Star Trek: Discovery – S1, E10 – Despite Yourself

The Mirror Universe has come to Star Trek: Discovery. Most of the Star Trek television series have featured at least one episode set in the Mirror Universe. In fact, the Original Series episode “Mirror, Mirror” remains one of the most popular Star Trek episodes of all time. These episodes utilize a fantastic storytelling device, allowing the audience to experience alternate versions of the characters they think they know so well. What if the logical, calm-headed Spock we know and love was a ruthless killer motivated by personal advancement? Oh, and also sported a goatee? The Mirror Universe episodes revel in these what-if’s, and Star Trek: Discovery’s first foray into that parallel universe, “Despite Yourself,” is no different.

The crew of the Discovery identifies the location where they have been stranded as being a parallel universe to their own. Here there exist counterparts to their own selves, but ones with wildly different personalities. Michael Burnham’s darker counterpart is captain of the Shenzhou, which is where Burnham’s career was headed before her actions in the pilot episode cost her that opportunity and started war with the Klingons. We see Michael step into this captain’s role naturally, as if she was always meant for it. Discovery is the first Star Trek series where the main protagonist is not also the captain, so it’s fun to finally see Burnham in a captain’s chair, albeit under unique circumstances.

It was equally delightful to see Cadet Tilly turn out to be the captain of the Discovery in the Mirror Universe, and that she had apparently risen to that position by being a cold-blooded killer. In the main universe Tilly has been vocal about her ambitions to be a captain, but it has been hard to imagine how a shy and socially awkward cadet like herself could ever rise that high. Now, however, it will be curious to see how both Burnham and Tilly are affected by their time playing the parts of captains in the Mirror Universe.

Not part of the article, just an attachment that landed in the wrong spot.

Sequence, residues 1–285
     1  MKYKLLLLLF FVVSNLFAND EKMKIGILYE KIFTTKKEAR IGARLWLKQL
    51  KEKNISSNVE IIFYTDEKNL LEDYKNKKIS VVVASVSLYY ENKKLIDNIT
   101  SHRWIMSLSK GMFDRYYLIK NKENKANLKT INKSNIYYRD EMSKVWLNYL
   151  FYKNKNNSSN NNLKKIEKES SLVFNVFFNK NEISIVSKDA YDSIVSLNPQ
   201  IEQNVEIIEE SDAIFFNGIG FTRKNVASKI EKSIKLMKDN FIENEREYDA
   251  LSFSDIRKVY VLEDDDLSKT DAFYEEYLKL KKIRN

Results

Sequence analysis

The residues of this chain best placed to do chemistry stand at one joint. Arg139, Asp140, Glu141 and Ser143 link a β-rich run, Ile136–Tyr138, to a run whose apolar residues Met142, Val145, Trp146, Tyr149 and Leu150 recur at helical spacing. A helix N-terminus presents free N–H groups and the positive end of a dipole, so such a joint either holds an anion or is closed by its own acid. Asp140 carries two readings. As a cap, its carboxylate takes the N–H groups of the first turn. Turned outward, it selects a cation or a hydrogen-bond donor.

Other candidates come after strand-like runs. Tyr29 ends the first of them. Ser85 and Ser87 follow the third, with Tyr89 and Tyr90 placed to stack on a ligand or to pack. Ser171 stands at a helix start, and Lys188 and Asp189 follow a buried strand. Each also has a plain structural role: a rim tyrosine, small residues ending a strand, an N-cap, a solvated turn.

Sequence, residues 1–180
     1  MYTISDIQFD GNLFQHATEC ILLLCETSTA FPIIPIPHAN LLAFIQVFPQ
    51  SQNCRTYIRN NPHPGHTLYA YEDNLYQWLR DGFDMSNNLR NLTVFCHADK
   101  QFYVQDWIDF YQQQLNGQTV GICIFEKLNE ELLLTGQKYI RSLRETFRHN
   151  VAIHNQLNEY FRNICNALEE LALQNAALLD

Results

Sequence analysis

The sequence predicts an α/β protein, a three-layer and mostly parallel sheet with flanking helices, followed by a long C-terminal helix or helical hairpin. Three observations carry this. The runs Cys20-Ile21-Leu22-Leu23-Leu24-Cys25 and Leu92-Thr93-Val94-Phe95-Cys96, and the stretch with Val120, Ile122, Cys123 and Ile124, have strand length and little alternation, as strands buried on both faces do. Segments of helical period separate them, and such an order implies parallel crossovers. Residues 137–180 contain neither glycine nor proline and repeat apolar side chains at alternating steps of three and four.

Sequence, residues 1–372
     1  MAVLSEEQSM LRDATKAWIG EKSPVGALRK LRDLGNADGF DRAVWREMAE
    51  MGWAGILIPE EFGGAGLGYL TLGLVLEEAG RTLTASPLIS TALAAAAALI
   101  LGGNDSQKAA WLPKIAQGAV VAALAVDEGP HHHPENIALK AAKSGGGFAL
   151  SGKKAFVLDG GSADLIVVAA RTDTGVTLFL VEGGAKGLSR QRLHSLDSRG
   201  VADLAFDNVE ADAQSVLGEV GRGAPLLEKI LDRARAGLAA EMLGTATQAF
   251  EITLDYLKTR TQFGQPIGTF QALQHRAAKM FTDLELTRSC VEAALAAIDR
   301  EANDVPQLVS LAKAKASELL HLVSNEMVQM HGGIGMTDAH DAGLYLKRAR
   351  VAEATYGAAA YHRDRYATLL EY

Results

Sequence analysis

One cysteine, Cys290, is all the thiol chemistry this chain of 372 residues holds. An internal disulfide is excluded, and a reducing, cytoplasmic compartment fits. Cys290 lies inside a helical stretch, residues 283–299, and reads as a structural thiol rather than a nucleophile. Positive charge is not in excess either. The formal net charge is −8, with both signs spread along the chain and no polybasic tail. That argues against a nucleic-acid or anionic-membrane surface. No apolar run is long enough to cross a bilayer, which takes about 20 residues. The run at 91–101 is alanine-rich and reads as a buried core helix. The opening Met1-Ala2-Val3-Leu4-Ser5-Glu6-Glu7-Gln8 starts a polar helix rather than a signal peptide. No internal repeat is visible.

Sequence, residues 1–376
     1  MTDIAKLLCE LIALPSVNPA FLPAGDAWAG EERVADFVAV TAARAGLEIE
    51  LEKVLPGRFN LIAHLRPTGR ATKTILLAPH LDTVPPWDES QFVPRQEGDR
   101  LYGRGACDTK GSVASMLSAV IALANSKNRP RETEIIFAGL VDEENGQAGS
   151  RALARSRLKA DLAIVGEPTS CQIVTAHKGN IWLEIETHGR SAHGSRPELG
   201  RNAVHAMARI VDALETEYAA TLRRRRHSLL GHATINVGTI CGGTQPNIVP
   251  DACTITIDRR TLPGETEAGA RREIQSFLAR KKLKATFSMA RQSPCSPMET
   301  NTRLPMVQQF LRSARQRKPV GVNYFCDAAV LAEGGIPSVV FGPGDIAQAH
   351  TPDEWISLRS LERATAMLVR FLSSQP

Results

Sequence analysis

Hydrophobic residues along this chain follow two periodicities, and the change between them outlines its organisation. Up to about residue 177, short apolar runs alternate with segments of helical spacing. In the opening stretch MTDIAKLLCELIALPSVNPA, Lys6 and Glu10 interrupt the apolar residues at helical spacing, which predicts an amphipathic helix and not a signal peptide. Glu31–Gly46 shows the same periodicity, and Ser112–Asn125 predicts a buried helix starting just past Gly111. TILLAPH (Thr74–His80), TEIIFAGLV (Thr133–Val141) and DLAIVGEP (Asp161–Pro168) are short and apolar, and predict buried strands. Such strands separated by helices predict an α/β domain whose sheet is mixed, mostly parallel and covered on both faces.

In the Mirror Universe, the crew of the Discovery is forced to explore a darker side of their personalities, revealing potential monsters within themselves that they have not yet confronted. This exploration may actually make some of them stronger, as it appears to be doing for Tilly. For others, however, these experiences may have the opposite effect. Lt. Tyler is still suffering from PTSD after his torture and sexual abuse, which appears to have also included some form of brainwashing. As clues emerge that Tyler may not even know the full depth of his own identity, he becomes increasingly unstable. Like his crew mates, Tyler is fighting against a monster within himself that is struggling to surface in his identity, a fact which is beginning to have deadly consequences for those around him.

On the same night “Despite Yourself” premiered, the 2018 Golden Globe Awards were taking place. Guillermo del Toro won the Golden Globe for Best Director for his monster love story The Shape of Water (which features Doug Jones – Discovery’s Commander Saru). In his acceptance speech, del Toro explained why he so often focuses on stories about monsters: “Since childhood I have been faithful to monsters. I have been saved and absolved by them, because monsters, I believe, are patron saints of our blissful imperfection, and they allow and embody the possibility of failing.”

The very notion that a monster could be a patron saint of anything might seem odd, but del Toro may be onto something. What better way to find a path to redemption than through celebrating imperfection? To be less than perfect is to be human. Discovering that our imperfect failings can be used for something redemptive is the essence of the gospel and the hope contained within.

The entire second chapter of Star Trek: Discovery’s first season takes place in the Mirror Universe, which is a longer visit than any other Star Trek series has attempted. Yet this extended exploration of the “monsters” in that universe may prove to be ultimately beneficial to its characters, helping them to discover some redemptive value in their own blissful imperfections.